LEE, C. D., and S. N. BLAIR. Cardiorespiratory fitness and stroke mortality in men. Med. Sci. Sports Exerc., Vol. 34, No. 4, pp. 592–595, 2002.
Purpose: We examined the association between cardiorespiratory fitness and stroke mortality in men.
Methods: This is a prospective cohort study. We followed 16,878 men, ages 40–87 yr, who had a complete medical evaluation including a maximal treadmill exercise test and self-reported health habits. There were 32 stroke deaths during an average of 10 yr of follow-up (167,961 man-yr).
Results: After adjustment for age and examination year, there was an inverse association between cardiorespiratory fitness and stroke mortality (P = 0.005 for trend). This association remained after further adjustment for cigarette smoking, alcohol intake, body mass index, hypertension, diabetes mellitus, and parental history of coronary heart disease (P = 0.02 for trend). High-fit men (most fit 40%) had 68% (95% CI: 0.12, 0.82) and moderate-fit men had 63% (95% CI: 0.17, 0.83) lower risk of stroke mortality when compared with low-fit men (least fit 20%), respectively.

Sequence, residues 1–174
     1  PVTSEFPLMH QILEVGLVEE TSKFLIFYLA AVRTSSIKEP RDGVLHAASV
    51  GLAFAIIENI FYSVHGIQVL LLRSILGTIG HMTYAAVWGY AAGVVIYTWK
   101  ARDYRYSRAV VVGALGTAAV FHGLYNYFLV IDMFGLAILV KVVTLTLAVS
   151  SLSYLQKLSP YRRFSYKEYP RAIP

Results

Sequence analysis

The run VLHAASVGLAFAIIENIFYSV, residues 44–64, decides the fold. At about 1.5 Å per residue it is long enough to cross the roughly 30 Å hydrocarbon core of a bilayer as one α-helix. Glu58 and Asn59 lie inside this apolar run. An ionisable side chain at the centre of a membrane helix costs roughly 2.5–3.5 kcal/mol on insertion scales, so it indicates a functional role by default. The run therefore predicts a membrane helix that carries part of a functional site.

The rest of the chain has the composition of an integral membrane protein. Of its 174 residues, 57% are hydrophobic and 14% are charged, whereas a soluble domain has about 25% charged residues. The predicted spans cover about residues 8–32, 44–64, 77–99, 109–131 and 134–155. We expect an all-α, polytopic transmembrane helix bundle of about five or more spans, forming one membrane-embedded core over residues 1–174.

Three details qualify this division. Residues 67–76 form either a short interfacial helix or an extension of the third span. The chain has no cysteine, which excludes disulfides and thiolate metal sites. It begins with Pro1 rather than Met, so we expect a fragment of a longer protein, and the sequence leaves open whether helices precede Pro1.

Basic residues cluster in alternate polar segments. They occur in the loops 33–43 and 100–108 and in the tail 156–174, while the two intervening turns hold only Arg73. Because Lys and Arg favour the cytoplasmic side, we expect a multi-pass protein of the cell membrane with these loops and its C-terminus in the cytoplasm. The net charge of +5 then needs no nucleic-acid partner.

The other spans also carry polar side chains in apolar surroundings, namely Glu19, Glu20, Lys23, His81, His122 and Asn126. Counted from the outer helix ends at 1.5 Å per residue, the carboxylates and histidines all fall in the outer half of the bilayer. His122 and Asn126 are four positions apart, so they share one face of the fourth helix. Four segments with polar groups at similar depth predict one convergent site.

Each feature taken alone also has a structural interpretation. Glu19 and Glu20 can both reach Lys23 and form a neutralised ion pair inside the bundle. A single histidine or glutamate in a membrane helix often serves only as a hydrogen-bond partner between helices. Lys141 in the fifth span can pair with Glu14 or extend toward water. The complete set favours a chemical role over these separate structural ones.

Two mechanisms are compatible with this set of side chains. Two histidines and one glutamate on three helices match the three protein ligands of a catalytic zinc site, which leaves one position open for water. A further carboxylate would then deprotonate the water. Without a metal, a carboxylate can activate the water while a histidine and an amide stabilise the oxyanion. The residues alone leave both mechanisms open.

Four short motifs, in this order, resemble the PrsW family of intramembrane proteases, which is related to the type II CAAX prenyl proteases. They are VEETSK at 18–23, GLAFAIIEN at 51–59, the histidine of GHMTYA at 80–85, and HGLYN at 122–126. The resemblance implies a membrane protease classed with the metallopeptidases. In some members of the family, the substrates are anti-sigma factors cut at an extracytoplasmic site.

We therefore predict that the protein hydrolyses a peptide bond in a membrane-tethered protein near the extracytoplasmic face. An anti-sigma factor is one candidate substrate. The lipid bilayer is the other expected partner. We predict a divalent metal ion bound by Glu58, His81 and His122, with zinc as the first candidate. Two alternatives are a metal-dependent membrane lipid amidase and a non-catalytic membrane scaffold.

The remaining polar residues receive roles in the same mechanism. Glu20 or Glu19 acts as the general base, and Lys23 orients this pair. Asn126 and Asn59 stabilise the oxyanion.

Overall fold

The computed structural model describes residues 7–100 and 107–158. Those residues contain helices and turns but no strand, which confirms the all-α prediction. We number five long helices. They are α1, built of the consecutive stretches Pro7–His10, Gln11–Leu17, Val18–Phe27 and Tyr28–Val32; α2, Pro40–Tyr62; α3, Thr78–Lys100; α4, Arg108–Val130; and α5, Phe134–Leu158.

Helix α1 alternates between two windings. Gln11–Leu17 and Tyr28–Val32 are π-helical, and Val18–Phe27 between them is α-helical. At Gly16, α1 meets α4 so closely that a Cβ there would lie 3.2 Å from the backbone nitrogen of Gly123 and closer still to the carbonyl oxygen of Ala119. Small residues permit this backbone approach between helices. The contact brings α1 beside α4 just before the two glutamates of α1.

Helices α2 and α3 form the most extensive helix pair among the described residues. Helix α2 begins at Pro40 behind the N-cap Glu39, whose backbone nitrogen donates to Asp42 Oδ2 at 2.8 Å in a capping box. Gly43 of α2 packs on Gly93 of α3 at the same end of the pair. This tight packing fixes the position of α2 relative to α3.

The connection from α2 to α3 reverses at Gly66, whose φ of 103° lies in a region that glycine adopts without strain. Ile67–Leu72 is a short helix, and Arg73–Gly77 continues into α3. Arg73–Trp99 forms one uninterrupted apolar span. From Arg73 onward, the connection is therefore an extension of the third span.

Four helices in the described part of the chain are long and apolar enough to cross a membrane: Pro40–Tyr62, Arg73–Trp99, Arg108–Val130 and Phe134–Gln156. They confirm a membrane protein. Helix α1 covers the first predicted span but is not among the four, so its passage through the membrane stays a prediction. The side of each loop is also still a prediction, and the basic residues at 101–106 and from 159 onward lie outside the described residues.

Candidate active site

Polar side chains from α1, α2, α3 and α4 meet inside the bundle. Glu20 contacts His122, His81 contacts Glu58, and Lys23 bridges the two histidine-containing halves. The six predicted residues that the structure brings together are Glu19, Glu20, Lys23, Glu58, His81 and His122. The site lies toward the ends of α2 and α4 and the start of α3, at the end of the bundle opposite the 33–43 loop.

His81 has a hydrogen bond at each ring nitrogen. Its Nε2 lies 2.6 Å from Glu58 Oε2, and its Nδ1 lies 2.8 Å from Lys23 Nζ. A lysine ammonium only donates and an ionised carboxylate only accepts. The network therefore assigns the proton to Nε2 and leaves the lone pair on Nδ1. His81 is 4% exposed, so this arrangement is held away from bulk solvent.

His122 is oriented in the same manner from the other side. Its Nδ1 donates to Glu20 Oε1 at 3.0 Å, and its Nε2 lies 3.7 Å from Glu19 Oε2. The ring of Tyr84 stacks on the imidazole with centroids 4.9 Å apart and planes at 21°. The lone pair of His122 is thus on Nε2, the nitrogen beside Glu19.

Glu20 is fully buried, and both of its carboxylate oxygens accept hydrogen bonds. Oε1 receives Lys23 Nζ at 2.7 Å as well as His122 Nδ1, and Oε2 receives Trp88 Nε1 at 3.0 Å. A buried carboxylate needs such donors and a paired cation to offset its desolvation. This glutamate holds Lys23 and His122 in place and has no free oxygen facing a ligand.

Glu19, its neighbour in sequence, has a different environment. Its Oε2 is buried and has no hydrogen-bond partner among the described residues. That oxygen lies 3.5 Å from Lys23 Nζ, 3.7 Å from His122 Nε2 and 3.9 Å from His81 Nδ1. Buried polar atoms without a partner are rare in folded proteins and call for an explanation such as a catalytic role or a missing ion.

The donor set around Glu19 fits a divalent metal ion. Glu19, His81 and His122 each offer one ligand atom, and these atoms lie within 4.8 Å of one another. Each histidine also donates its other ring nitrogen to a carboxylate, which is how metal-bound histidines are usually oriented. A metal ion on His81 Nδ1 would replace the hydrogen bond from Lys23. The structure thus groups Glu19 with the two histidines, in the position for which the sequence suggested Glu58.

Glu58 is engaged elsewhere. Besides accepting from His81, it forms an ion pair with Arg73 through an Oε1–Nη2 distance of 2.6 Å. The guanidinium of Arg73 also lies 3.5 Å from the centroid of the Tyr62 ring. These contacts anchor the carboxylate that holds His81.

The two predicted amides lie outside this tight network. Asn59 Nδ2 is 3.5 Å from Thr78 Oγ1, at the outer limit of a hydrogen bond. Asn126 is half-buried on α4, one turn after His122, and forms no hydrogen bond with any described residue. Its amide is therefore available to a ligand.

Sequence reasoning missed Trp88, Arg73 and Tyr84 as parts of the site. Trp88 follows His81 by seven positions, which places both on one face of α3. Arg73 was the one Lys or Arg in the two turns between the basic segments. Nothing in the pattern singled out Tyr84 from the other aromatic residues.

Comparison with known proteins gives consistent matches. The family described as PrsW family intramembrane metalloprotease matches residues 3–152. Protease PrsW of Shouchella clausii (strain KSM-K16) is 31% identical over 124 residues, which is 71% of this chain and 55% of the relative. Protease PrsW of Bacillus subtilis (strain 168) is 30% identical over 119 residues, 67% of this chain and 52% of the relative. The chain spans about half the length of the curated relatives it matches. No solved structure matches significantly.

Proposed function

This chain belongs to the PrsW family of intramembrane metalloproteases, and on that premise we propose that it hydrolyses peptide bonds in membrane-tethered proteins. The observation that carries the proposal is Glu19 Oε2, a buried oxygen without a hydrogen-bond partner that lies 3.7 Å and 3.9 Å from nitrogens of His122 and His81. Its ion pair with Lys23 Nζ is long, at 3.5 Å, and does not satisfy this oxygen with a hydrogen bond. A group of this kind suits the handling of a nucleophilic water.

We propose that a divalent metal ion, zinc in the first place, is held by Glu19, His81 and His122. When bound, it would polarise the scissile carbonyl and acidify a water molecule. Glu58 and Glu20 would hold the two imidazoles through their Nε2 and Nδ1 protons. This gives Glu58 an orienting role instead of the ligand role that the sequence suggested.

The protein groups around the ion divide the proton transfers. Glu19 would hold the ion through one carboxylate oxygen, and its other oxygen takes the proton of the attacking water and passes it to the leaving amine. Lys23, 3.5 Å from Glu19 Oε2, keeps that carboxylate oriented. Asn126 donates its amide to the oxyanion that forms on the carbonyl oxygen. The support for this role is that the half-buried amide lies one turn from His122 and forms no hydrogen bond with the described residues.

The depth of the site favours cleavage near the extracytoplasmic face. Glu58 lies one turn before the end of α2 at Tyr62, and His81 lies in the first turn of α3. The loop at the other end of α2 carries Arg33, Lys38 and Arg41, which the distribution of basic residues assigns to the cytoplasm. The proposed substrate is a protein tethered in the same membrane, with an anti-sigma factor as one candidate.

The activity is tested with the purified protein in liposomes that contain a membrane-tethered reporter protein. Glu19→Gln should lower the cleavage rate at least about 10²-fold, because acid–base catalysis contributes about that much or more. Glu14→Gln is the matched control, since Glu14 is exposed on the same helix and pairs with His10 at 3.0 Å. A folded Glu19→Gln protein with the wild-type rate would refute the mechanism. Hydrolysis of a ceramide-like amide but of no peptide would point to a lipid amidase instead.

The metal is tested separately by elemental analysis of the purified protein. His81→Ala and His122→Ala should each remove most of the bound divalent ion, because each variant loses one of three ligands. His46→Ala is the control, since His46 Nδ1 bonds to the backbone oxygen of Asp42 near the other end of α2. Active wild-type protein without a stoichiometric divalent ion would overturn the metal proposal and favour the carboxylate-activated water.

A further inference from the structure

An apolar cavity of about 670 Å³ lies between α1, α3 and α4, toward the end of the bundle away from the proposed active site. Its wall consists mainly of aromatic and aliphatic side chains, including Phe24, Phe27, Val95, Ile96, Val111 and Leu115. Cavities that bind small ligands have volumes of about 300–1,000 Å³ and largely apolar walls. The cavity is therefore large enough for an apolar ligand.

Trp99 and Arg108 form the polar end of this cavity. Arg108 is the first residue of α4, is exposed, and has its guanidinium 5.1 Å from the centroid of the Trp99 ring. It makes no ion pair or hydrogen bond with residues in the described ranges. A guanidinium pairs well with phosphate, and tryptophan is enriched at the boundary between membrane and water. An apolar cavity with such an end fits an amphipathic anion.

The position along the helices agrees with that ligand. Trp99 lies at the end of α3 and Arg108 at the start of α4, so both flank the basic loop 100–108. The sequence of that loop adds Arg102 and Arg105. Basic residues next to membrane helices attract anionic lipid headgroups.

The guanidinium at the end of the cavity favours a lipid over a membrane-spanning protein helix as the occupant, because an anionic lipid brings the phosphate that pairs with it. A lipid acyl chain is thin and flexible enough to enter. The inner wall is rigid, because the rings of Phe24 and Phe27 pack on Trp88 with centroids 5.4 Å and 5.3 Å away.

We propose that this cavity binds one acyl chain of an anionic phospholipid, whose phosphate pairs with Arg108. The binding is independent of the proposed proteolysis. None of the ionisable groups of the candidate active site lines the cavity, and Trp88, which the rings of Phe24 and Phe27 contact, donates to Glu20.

Conclusions: Moderate and high levels of cardiorespiratory fitness were associated with lower risk of stroke mortality in men in the Aerobics Center Longitudinal study population.
Department of Sports and Exercise Sciences, West Texas A & M University, Canyon, TX (formerly Division of Epidemiology, University of Minnesota, Minneapolis, MN); and Division of Epidemiology & Clinical Applications, The Cooper Institute, Dallas, TX
Submitted for publication January 2001.
Accepted for publication September 2001.